Sunday, August 17, 2014

A rap over the knuckles for US prosecutors

Vonte Skinner is one of the many amateur rap artists whose lyrics have been used as evidence against them in US court cases. Skinner was charged and convicted of attempted murder by a New Jersey court in 2008. Part of the evidence submitted by the prosecution, and which led to his conviction, was a notebook full of scrawled rap lyrics that was found in Skinner’s car.

This decision was overturned by the New Jersey appeals court in 2012 which deemed the lyrics inadmissible. Due to a split decision at the appellate court, the prosecution was able to take the case to the New Jersey Supreme Court which last week finally ruled in Skinner’s favour.

In a unanimous verdict, the court upheld fundamental principles of freedom of expression, denounced the state’s prejudicial use of song lyrics and upheld the right to be offensive:

‘To be sure, writing rap lyrics – even disturbingly graphic lyrics, like the defendant’s – is not a crime. Nor is it a bad act or a wrong to engage in the act of writing about unpalatable subjects, including inflammatory subjects such as depicting events or lifestyles that may be condemned as anti-social, mean-spirited, or amoral.’

The Supreme Court justices used their own examples to underline the absurdity of using fictional materials to aid prosecutions:

‘One cannot presume that, simply because an author has chosen to write about certain topics, he or she has acted in accordance with those views. One would not presume that Bob Marley, who wrote the well-known song “I Shot the Sheriff”, actually shot a sheriff, or that Edgar Allan Poe buried a man beneath his floorboards, as depicted in his short story “The Tell-Tale Heart”.’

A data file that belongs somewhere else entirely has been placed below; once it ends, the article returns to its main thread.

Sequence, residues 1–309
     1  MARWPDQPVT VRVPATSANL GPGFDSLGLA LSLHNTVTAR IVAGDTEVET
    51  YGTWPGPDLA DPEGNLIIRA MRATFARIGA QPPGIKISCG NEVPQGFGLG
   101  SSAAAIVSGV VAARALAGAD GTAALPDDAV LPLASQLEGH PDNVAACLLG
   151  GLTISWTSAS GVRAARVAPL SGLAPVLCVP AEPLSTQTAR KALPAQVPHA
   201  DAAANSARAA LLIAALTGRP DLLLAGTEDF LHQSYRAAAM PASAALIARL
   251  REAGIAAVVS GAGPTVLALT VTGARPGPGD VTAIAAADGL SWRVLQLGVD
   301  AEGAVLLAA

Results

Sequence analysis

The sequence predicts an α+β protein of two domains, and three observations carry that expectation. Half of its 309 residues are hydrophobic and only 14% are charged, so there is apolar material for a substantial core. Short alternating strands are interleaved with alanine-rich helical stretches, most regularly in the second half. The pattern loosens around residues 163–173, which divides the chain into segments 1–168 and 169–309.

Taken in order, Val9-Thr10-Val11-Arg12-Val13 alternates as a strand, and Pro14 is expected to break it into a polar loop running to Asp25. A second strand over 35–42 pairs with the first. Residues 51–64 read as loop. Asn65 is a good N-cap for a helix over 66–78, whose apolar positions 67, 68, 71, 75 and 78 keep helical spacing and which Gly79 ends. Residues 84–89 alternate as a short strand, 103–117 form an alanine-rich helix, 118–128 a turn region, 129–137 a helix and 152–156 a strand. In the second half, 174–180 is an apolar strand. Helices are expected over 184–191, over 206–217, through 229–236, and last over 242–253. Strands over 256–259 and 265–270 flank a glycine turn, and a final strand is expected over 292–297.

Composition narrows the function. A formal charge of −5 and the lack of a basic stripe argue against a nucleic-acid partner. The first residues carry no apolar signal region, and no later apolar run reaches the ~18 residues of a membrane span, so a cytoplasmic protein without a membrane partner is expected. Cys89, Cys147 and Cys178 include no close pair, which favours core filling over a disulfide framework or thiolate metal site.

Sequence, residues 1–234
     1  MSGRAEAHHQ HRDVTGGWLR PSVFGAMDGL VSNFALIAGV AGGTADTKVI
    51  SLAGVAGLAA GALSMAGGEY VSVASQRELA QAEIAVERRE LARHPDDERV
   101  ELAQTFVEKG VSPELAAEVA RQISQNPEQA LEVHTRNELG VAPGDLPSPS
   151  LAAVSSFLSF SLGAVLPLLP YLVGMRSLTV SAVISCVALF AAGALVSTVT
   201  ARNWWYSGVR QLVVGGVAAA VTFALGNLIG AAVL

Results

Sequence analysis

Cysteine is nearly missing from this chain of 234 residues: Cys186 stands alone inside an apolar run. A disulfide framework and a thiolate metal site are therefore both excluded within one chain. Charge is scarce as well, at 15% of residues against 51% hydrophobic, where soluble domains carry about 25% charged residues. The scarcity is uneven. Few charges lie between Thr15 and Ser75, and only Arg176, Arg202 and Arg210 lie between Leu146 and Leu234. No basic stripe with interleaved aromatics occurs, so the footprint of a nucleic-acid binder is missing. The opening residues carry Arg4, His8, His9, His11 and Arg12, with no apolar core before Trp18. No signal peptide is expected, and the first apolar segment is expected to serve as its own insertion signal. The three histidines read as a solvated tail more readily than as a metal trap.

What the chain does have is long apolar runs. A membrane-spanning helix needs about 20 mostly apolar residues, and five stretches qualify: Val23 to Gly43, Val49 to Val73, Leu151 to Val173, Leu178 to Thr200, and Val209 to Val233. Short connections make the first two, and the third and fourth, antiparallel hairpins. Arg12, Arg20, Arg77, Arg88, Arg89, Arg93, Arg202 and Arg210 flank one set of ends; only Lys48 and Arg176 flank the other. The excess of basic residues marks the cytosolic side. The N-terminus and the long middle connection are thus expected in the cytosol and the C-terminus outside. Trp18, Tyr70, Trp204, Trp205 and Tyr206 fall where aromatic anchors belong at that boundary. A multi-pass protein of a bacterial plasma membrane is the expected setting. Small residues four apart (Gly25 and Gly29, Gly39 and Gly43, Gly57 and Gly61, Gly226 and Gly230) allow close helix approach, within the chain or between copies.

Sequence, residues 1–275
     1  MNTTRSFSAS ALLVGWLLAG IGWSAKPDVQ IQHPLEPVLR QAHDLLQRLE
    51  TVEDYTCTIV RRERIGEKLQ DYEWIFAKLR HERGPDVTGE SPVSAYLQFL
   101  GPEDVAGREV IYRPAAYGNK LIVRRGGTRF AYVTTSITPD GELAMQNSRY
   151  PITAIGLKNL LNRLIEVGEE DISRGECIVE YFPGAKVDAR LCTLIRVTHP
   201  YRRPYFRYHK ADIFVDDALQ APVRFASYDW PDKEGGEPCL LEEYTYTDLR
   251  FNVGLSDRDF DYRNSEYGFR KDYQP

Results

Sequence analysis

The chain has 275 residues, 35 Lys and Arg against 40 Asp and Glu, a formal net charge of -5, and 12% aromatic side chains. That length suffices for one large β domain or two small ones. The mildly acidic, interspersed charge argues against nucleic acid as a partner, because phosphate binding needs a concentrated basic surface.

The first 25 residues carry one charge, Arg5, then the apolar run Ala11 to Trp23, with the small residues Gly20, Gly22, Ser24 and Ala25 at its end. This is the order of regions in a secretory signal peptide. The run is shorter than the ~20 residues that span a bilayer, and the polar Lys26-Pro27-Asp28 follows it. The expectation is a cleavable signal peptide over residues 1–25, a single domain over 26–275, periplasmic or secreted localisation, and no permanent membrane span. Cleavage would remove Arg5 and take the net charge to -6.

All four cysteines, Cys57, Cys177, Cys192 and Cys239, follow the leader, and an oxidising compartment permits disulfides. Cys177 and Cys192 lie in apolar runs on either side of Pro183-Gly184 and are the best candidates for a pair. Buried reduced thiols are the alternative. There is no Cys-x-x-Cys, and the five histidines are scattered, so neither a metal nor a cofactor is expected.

Vonte Skinner will now be retried for attempted murder; his rap lyrics will not be admissible as evidence, nor will similar forms of artistic expression be admissible in future cases.



Anonymous said...

Perhaps some actual forensic evidence may have been helpful?

Anonymous said...

Anon 1:27 -- Likely there was plenty of forensic evidence as well, the article behind the SOURCE link hints at that. I would hazard to guess that the prosecutor in that case used the lyrics to help bolster the "motive" part of his case.

Anonymous said...

Justices upheld the right to be offensive. Of course, that right exists only if you offend an unprotected class.

Anonymous said...

So writings, vblogs, songs, diaries are now inadmissible in court to show mental state and proclivities of the defendant?

Anonymous said...

Anon 4:31 - Only until this precedence is overturned in a better organised case.

Anonymous said...

Determinations on what evidence ought be admissable usually turn on a balancing act between what has probative value and what is prejudicial.
Clearly the Court felt the lyrics had little probative value but were highly prejudicial.
This shouldn't be surprising given the rap culture of misogyny, gangsterism and violence. Not too many raps about how you're going to go out and make new friends and help orphans.

Bird of Paradise said...

Not all rap songs are full of the usial bile and poison some are conservative and good